I loved what Elle did with resumecards; a card is a perfect UI pattern for resume entries. But personally I can't stand Bootstrap - My favorite UI framework is Semantic UI. So when I started building my own resume I decided to use to Semantic UI, and to use Jekyll collections for the entries instead of posts, since posts are ordered by date (which doesn't really apply to a resume).
It's a good idea to review the Jekyll documentation if you aren't familiar with it. Then fork this resume, clone it, and run:
jekyll serve to launch locally. Your resume will be available at http://localhost:4000
There are two branches in this project;
gh-pages The master branch just has greeked text to give you an idea of what data you should enter. On the gh-pages branch I implemented Eugene Mirman's hilarious LinkedIn profile using Crisp Resume, to give an idea of what a 'real world' profile might look like. For additional inspiration you can also use my resume which also uses Crisp Resume.
Per the GitHub documentation, if you want to use Crisp Resume as your User or Organization Page, do your editing on the master branch. If you want to use it as a Project Page, use the gh-pages branch.
To implement your own resume, fork the project and switch to the branch you want. Everyone's experience is different, and you may want to highlight different aspects of your professional experience. Crisp Resume is extremely flexible and all of the content is separated from the layout. At a minimum you will want to update:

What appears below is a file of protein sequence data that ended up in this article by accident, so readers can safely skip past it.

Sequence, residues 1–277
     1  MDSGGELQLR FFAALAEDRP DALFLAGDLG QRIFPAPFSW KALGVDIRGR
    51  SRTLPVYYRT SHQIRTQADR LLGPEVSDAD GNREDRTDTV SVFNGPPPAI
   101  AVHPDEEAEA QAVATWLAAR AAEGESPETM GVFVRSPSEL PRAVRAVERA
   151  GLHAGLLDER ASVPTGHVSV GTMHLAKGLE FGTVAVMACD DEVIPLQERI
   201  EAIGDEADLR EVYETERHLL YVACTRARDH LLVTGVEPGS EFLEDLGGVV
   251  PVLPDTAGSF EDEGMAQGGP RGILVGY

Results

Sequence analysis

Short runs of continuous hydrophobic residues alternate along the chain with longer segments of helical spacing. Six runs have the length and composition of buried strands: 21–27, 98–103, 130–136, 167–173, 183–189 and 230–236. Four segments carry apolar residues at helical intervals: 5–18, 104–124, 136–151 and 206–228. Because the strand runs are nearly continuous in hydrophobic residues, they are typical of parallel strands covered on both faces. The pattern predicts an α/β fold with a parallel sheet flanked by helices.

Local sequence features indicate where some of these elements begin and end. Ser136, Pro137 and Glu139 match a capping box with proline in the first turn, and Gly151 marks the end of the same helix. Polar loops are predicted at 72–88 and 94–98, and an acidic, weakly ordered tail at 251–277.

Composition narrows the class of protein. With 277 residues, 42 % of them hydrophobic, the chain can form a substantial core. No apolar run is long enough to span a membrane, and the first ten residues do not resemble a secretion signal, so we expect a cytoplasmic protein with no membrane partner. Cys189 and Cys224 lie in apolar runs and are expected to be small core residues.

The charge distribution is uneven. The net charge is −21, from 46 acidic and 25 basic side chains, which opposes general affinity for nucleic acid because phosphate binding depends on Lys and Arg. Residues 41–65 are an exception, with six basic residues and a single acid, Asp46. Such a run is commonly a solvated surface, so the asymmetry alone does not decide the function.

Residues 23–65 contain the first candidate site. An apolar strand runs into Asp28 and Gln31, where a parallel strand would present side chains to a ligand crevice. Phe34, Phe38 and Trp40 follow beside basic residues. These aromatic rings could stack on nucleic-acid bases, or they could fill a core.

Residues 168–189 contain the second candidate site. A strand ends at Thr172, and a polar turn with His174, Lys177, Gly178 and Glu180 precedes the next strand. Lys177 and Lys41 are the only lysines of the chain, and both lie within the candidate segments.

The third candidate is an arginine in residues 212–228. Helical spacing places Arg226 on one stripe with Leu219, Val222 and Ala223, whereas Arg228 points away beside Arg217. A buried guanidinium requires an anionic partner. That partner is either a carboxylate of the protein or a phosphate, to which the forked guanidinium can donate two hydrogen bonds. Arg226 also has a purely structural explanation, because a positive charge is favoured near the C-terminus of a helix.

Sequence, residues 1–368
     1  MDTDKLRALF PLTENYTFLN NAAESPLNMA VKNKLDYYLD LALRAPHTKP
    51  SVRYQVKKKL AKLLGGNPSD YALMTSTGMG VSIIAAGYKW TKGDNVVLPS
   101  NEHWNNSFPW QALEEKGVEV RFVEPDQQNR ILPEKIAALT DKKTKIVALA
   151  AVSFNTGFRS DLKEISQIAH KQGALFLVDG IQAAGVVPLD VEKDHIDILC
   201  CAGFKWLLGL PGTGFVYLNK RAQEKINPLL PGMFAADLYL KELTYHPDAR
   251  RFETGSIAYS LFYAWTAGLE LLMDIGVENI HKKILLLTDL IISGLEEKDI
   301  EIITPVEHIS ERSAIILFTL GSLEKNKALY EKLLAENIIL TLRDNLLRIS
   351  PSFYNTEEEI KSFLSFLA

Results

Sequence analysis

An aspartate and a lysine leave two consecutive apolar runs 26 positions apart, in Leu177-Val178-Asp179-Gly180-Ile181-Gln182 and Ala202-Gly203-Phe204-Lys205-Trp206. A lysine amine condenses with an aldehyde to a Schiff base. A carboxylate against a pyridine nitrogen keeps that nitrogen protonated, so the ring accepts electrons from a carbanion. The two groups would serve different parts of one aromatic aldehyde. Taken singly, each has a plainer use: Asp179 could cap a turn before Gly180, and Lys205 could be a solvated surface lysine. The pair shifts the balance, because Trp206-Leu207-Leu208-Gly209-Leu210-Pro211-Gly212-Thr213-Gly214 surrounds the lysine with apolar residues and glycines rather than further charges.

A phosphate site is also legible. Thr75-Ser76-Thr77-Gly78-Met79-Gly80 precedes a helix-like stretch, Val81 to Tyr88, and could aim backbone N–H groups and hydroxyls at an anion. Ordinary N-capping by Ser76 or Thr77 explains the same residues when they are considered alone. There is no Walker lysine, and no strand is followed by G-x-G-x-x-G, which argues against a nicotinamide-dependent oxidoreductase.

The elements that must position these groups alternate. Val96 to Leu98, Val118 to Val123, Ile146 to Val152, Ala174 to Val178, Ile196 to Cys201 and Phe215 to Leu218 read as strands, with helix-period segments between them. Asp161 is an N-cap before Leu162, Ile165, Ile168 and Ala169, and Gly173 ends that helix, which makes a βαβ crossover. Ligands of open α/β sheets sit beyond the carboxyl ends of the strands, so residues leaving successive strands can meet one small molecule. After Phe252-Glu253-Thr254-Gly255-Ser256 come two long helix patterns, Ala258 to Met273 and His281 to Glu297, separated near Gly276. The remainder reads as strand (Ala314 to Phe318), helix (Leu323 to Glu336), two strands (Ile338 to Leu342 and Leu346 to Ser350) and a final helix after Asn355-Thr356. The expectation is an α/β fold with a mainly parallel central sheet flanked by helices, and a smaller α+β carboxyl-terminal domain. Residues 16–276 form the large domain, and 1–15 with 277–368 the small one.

_config.ymlin the project root. This has all of the custom data - the
index.htmlis just presentation logic. Be sure to enter the
tracking_idif you want to use your own Google Analytics.
collectionsYAML variable), and potentially remove or add other collections depending on your preference.
CNAMEfile if you want to use a custom domain (See GitHub's documentation on this if you are not sure how)
I'll be the first to admit, having a printable version of this would be awesome. I worked on that for a while, and Semantic UI actually looks pretty good by default when printed. But, CSS being awesome, getting page breaks to line up is next to impossible. And personally, I want different things on a printed resume than on the web. So I just implemented it as a PDF (there's an example on the master branch). It won't show unless you have one set in your
Crisp Resume is designed to be extensible. It includes a set of sections implemented as Jekyll Collections. The default sections are:
Each section is referenced in the
collections list in
_config.yml, and it has a matching template in the
_includes directory that is imported in
index.html, and a folder in the project root with a matching name prefaced with an underscore. Any files in the collection directory are rendered and included in the HTML when the project is built. You can control the order in which they render with a Frontmatter variable; there's an example of this on the work experience collection in the master branch.
If you don't need a section, remove it from the
collections list in
_config.yml and it won't show up in the menu or in the HTML. You can also remove the directory and files if you wish.
To add a section, add it to the collections list, create the directory and add entries, then use the Semantic UI docs and other examples here as inspiration for your template in the
_includes directory. Lastly, add a reference to your include in
I'd love to hear what you think! Feel free to drop an issue here in the project or hit me up on twitter. Find a bug or have an idea for a change? Feel free to send a pull request. I can't wait to see what you come up with!